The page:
91st Bomb Group  

My service in the 91st Bombardment Group, though less than five months in length, was one of the most memorable and significant chapters in my life. Several factors made it so: I was in the service of my country in the great World War II, the most massive and far-reaching conflict in the history of the world. I was 20 years old, an age of transition between boyhood and manhood when experiences are etched deeply into memory. I was wounded in action—shed blood for my country—which is a dramatic event, even though my wound was slight and put me out of action for only about three weeks. Finally, my airplane was shot down—another dramatic event—and I became a prisoner of war for the duration of the European war.

I flew 17 missions, a few of which stand out in my mind in sharp relief. These involve the following missions: The first was a long trip to Munich, when our airplane hit violent prop wash and almost flipped over in the air. The second mission, an attack on a German air field near Chartres, France, is memorable because our airplane took a major hit from anti-aircraft fire (over 70 holes in our plane), and I was hit by a piece of flak.

My fifth mission was to Gelsenkirchen in the Ruhr Valley, so infamous for heavy anti-aircraft fire that we called it Happy Valley. The most accurate flak I remember was thrown up at us that day. My plane, flown by Lt. Louis Starks, took several hits, include a big hole in the leading edge of the left wing. I counted 13 feathered engines in our group that day, and there may well have been more. A feathered engine means an engine whose propeller had been adjusted so as to present a sharp edge to the wind to reduce drag. An engine was feathered when it was damaged or otherwise unable to function.

The sixth, a raid on a synthetic oil complex in Ludwigshaven, I remember because the flak was so thick and terrifying. My plane, flown by Lt. Hubert Donahue, was not damaged, as I remember, but at least one ship of our group was lost that day.

I have forgotten which mission it was, with my regular pilot Val Maghee at the controls, when our entire wing (three groups, nine squadrons) was lost temporarily in bad weather and headed for a heavily defended area in the Frisian Islands. If I was not the first navigator in the wing to figure out where we were, I was at least the first to tell my pilot, who immediately called our group lead on the radio to give them the heading I said we should take. It was sobering to see the whole wing wheel around to the left to take up my heading. What, I wondered, if I had been wrong?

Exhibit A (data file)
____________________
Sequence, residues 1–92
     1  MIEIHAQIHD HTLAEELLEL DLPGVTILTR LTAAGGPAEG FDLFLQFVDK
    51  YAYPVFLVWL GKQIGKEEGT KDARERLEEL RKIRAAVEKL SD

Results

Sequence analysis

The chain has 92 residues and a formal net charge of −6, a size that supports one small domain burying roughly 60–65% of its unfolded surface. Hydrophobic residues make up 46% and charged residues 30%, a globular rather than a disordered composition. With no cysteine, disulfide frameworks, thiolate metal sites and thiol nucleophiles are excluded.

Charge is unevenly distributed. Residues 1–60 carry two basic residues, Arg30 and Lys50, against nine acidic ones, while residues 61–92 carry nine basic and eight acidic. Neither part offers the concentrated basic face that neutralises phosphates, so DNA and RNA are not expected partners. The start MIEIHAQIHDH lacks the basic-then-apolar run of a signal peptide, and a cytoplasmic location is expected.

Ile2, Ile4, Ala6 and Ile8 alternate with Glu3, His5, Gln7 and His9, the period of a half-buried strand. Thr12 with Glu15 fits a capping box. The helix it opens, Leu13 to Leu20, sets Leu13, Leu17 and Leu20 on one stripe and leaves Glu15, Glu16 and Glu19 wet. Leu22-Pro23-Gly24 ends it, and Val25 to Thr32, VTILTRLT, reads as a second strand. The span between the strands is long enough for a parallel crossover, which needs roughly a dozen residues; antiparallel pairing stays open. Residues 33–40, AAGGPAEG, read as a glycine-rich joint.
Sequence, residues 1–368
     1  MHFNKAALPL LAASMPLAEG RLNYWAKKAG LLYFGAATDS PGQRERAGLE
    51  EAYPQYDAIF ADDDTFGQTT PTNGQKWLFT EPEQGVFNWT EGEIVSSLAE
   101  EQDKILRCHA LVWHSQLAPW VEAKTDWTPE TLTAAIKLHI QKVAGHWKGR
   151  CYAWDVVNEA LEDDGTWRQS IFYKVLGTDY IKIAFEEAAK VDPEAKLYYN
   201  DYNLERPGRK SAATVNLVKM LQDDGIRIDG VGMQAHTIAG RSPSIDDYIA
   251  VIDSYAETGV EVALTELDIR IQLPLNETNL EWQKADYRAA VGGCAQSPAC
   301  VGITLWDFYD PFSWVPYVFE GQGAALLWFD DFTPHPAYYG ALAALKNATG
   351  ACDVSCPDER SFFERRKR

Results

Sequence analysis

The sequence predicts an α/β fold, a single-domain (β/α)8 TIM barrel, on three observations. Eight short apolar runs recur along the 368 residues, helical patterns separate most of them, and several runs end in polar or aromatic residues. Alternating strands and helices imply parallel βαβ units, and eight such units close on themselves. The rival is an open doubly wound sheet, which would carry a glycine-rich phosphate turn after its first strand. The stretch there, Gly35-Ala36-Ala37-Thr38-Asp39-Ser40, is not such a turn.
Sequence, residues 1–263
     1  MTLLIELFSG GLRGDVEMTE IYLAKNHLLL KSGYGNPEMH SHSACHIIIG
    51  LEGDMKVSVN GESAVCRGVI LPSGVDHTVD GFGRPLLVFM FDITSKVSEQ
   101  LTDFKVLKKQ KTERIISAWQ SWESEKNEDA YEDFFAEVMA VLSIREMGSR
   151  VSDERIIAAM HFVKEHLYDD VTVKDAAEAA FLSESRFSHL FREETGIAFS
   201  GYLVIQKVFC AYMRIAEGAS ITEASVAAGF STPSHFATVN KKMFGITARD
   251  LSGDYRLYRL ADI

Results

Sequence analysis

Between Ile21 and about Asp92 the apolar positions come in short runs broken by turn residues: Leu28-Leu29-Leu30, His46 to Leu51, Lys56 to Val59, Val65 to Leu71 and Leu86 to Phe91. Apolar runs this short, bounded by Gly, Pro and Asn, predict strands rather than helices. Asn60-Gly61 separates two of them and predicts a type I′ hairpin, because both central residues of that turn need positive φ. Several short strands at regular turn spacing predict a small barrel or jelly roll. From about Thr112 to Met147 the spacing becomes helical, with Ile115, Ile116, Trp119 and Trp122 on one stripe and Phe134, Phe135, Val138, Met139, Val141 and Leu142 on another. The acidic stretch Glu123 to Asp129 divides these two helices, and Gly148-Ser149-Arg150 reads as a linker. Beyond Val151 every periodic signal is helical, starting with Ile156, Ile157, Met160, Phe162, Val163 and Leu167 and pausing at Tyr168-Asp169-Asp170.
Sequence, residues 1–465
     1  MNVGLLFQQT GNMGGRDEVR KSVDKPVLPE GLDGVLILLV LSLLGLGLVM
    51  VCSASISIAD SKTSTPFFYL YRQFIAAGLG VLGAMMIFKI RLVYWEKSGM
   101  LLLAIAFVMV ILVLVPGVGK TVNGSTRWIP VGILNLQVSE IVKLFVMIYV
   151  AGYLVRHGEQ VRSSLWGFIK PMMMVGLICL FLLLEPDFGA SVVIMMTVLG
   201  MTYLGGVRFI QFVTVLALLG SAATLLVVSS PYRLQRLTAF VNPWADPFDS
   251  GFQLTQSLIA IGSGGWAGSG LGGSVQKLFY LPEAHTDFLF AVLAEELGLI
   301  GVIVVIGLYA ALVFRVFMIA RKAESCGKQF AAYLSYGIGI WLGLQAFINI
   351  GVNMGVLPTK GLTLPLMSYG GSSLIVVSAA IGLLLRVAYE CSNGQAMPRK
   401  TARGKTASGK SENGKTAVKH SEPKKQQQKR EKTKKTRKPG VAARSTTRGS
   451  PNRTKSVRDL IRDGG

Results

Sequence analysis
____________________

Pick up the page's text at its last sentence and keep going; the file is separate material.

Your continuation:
The 14th mission was flown with Lt. Hanford Rustand. It was his crew's first combat flight, and I as a veteran navigator was assigned to fly with them to lend stability. It was common practice for an experienced officer to fly with a new crew for that reason. When we returned from the bombing mission, the sky over England was all but obscured. Imagine hundreds of B-17s from many different groups flying around in murk where visibility may have been as little as two miles. Using a piece of electronic equipment called the Gee, which had been developed by the British, I was able to navigate through that frightful soup so accurately that finally I was able to say, Rusty, you should be able to see the runway just ahead. And there it was! That performance earned a cheer from Rusty's crew and made me one proud navigator!

My 17th and final mission was to the Luna Synthetic Oil Refinery near Merseburg. Enemy fighters hit us hard, setting our plane on fire and forcing us to abandon ship. The climax came when I pulled the rip cord and my parachute failed to open. I was able to insert a couple of fingers into the opening from which the rip cord came and pull enough of the chute through—probably a little pilot chute—so as to catch the wind and open the main umbrella. Succeeding events are described in my first book, P.O.W. —A Kriegie's Story. My second, B-17 Navigator, tells of my induction into the service and my training which led eventually to my graduation from Aviation Cadets as a 2nd Lieutenant and aerial navigator. A third book will fill the gap between those two and tell of my combat experiences flying out of England.

A beautiful website offers photographs and a wealth of information about the 91st Bombardment Group. Constructed and maintained by Jim and Suzi Shepherd, the site can be accessed at www.91stbombgroup.com.



  copyright© 2006 | February 28, 2010